Prime Minister Shinzo Abe declared a month-long state of emergency on April 7 in Tokyo and six other urban prefectures and later expanded it to the whole country through May 31. With signs of the infections slowing, Abe is seeking to relax the measure while balancing disease prevention and the economy.
His government plans to lift the state of emergency in 39 of the country’s 47 prefectures, while keeping the measure in place for eight prefectures, including Tokyo, Osaka, Kyoto and Hokkaido.
Japan has more than 16,000 confirmed cases of coronavirus, with about 680 deaths. The number of new cases has significantly decreased nationwide.
Abe will explain details at a news conference later Thursday.
Economy Minister Yasutoshi Nishimura, in his opening remarks at the task force meeting, asked experts to provide basis for easing the measure, a well as its possible tightening, in case of a resurgence of the outbreak.
Experts and officials have urged people to adopt “new lifestyles” and continue practicing physical distancing measures such as remote-working and avoid out-of-town trips, even after the state of emergency is lifted.
BEIJING — China reported three new coronavirus cases Thursday while moving to reopen for business and schools.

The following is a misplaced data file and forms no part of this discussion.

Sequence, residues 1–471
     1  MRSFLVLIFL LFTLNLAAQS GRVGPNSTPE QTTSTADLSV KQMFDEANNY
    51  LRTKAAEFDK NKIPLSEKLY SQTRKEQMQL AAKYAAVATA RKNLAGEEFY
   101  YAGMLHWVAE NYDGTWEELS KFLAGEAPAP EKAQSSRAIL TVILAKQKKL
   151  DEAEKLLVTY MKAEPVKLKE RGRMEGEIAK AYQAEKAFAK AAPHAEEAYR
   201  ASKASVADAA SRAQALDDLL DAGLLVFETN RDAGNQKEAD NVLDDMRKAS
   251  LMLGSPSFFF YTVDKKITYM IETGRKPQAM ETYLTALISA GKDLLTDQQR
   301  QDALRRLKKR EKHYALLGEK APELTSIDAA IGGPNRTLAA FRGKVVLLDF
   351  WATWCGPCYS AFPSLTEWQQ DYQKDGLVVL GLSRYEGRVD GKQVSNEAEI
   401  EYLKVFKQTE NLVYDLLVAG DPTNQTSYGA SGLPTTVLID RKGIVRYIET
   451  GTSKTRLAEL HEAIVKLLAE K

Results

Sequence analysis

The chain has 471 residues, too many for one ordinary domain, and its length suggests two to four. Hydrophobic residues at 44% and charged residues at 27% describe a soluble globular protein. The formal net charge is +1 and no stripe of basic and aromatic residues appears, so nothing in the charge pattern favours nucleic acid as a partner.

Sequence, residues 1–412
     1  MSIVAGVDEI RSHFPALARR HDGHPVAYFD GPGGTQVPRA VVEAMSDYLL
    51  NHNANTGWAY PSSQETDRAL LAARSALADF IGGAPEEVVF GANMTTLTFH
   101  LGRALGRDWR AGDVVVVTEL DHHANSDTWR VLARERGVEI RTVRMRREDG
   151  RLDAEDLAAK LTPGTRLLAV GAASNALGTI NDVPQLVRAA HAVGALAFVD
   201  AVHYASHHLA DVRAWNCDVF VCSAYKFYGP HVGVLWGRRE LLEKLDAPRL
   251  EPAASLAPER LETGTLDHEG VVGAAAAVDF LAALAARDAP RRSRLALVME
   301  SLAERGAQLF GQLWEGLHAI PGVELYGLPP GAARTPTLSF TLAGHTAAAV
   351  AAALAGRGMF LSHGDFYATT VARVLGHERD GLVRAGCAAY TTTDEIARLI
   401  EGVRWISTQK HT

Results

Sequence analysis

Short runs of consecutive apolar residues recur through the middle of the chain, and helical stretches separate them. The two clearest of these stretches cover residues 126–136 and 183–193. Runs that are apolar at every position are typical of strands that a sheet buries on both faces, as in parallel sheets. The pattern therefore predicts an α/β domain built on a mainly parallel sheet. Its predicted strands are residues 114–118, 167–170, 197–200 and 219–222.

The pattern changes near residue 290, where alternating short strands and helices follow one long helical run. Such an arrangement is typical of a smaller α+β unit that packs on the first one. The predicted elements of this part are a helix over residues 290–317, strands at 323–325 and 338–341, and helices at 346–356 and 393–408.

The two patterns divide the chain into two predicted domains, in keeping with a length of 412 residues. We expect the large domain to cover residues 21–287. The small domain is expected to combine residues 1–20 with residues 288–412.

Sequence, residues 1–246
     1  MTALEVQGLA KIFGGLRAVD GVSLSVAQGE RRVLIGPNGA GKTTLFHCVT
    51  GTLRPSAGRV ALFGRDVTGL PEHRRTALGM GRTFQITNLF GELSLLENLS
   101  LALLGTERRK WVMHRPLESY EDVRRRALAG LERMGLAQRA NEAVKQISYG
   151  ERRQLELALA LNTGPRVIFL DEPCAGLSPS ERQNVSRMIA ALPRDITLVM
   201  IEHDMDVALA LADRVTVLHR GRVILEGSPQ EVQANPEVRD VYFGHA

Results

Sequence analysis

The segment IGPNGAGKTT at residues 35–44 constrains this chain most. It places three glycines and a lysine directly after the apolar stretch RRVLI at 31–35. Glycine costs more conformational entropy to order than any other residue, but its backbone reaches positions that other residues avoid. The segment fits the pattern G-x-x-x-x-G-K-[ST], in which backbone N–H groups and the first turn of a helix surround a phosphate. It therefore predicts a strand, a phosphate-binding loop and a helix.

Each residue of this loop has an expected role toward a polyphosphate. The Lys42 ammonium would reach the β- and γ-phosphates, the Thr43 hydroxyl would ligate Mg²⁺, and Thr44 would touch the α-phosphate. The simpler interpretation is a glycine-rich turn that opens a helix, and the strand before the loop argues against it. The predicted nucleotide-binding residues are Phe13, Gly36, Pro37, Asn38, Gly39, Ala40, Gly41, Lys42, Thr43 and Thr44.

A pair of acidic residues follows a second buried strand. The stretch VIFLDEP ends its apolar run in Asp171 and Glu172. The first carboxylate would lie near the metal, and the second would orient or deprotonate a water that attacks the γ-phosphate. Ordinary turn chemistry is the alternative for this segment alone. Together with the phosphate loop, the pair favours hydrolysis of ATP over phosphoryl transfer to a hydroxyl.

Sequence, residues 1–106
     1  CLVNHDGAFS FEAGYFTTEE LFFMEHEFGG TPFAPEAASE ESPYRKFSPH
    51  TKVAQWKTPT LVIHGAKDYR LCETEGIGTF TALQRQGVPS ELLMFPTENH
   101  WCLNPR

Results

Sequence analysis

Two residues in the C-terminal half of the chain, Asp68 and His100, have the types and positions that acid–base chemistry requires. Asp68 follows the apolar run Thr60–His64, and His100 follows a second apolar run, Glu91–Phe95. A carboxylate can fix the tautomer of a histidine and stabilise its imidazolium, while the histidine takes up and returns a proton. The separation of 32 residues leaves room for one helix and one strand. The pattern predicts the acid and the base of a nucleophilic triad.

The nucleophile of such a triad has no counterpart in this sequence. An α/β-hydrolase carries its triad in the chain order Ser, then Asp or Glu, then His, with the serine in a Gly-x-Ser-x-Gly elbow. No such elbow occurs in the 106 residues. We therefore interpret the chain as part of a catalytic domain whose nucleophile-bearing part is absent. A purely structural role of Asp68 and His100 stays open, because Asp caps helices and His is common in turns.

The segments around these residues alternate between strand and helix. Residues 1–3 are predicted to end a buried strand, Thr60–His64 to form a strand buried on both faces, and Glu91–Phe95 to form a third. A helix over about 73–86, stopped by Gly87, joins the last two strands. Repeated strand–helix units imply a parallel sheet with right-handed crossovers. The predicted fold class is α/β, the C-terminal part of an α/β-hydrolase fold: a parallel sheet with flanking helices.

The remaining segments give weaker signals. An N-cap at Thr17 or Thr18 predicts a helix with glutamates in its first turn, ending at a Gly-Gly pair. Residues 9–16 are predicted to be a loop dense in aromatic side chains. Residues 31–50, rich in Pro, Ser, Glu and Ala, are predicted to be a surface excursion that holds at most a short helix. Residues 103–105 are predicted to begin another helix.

The National Health Commission said 101 people remain in treatment for COVID-19, while 716 are isolated and being monitored for being suspected cases or for having tested positive for the virus without showing symptoms.
China plans to restart classes for most students on June 1, with other grades to resume at a later date, depending on conditions. No announcement has been made on when university classes will resume.
China has reported a total of 4,633 deaths among 82,929 cases of the virus.
SEOUL, South Korea —— South Korea has confirmed 29 coronavirus cases over a 24-hour period as it battles a spike in infections linked to nightlife spots in Seoul.
The additional cases reported Thursday by the Korea Centers for Disease Control and Prevention pushed the national total to 10,991 with 260 deaths. The agency says 26 of the 29 new patients were locally transmitted cases while the rest three came from overseas.
South Korea’s caseload has been on an upward trend in the past week, with about 120 new cases detected linked to nightclubs in Seoul’s entertainment Itaewon district as of Wednesday.
The new outbreaks in Itaewon are threatening South Korea’s progress in its anti-virus quarantine. The country reported hundreds of new cases every day between late February and early March.
MINNEAPOLIS — Minnesota Gov. Tim Walz said he will let his stay-at-home order expire as scheduled Monday, though he’ll leave key restrictions in place to keep up the state's fight against the COVID-19 pandemic.
“Don’t get me wrong — we believe that the safest place we can be is at home,” Walz said in a televised address Wednesday. “But we know we can’t continue like this forever.”
Walz made the announcement after health officials released updated modeling — couched in caveats — that showed the potential effects of various scenarios he could have chosen. The Democratic governor has been under increasing political pressure to loosen up the restrictions, and some business owners have threatened defiance if they remain in place.